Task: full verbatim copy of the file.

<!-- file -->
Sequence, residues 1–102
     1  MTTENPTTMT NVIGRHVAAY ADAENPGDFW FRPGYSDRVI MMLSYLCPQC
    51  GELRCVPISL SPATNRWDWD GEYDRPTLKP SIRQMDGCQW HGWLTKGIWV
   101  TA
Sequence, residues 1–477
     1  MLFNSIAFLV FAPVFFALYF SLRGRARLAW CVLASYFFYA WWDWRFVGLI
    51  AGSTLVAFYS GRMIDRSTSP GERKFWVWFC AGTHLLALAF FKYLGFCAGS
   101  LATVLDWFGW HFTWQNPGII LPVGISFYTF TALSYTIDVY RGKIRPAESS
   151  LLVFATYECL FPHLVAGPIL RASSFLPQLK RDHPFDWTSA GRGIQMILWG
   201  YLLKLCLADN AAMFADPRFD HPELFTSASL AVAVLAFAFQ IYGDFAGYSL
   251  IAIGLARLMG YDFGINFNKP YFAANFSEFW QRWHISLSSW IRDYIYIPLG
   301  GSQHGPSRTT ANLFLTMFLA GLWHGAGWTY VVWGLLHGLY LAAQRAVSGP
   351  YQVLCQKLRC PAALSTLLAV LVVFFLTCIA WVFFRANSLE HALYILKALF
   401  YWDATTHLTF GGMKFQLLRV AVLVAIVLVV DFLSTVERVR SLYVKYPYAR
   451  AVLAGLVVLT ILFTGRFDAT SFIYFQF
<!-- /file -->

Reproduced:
Sequence, residues 1–102
     1  MTTENPTTMT NVIGRHVAAY ADAENPGDFW FRPGYSDRVI MMLSYLCPQC
    51  GELRCVPISL SPATNRWDWD GEYDRPTLKP SIRQMDGCQW HGWLTKGIWV
   101  TA
Sequence, residues 1–477
     1  MLFNSIAFLV FAPVFFALYF SLRGRARLAW CVLASYFFYA WWDWRFVGLI
    51  AGSTLVAFYS GRMIDRSTSP GERKFWVWFC AGTHLLALAF FKYLGFCAGS
   101  LATVLDWFGW HFTWQNPGII LPVGISFYTF TALSYTIDVY RGKIRPAESS
   151  LLVFATYECL FPHLVAGPIL RASSFLPQLK RDHPFDWTSA GRGIQMILWG
   201  YLLKLCLADN AAMFADPRFD HPELFTSASL AVAVLAFAFQ IYGDFAGYSL
   251  IAIGLARLMG YDFGINFNKP YFAANFSEFW QRWHISLSSW IRDYIYIPLG
   301  GSQHGPSRTT ANLFLTMFLA GLWHGAGWTY VVWGLLHGLY LAAQRAVSGP
   351  YQVLCQKLRC PAALSTLLAV LVVFFLTCIA WVFFRANSLE HALYILKALF
   401  YWDATTHLTF GGMKFQLLRV AVLVAIVLVV DFLSTVERVR SLYVKYPYAR
   451  AVLAGLVVLT ILFTGRFDAT SFIYFQF